• Difficulty in tracking investigations

    “Have I followed through on everything I intended to?”


Goals and definitions of success were set from a business (high) level as opposed to a product (low) level. This isn’t always ideal but in this case, from a design and engineering perspective, it actually left quite a bit of scope for ideation and creativity. The business were very receptive to evolving the product and doing things differently due to the greenfield nature of the project. Below are the high-level goals that were defined by the business.

Streamline offense management

Accelerate triage processes with easy to understand insights and deep dives into your security data.

Integrate new IBM Design Language

Built using IBM Carbon design language with an emphasis on usability and accessibility

Consolidate investigation experience

Easily triage, investigate and search on indicators of compromise (IOCs) from a single interface.


Design patterns

A greenfield project like this one creates the possibility to rethink and reimagine existing patterns of user experience not only within the product but the problem space. And as mentioned, the business were very receptive to this. One of my favourite aspects to my role was being involved in this ideation and iteration process.

At IBM, we used the Cake Experience Roadmap to iteratively design experiences. Focusing first on a Cup Cake version of the experience which addresses the priority pain points, then iteratively expanding and improving the experience based on stakeholder feedback. After a number of rounds of iteration ending up with a Wedding Cake.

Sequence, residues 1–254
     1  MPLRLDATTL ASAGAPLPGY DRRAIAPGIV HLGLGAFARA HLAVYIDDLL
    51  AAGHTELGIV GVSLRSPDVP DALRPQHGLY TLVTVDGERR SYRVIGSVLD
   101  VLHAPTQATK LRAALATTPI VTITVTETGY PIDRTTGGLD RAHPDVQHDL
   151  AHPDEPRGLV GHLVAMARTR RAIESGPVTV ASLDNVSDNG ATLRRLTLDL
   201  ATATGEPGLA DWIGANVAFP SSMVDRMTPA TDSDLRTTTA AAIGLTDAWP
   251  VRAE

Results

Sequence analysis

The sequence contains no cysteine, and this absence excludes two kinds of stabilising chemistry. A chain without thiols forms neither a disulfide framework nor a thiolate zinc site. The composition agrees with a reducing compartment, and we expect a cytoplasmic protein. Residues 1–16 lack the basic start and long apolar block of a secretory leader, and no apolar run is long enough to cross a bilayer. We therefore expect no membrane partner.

An example of a design pattern that I am particularly proud of creating is 'Customize Columns' (below). This was a solution to problem that due to the amount of data points associated to an offense — the data table of offenses had hundreds of possible columns. We therefore had to design a way to allow users to customize the data table columns by selecting from the hundreds of possible columns.

Cup cake version of customize columns

Wedding cake version of customize columns


As demonstrated through the implementation of the 'Customize Columns' design pattern (above), prototyping played a significant role in my contributions to the project.

During this development phase, we effectively demonstrated the latest features and UX patterns of the new IBM Design Language to stakeholders who were not yet acquainted with it. Additionally, it provided an opportunity for faster, low-stakes testing and feedback collection. By designing specific user flows in isolation, we were able to test precisely what we wanted without the need to invest resources in building a full MVP in code.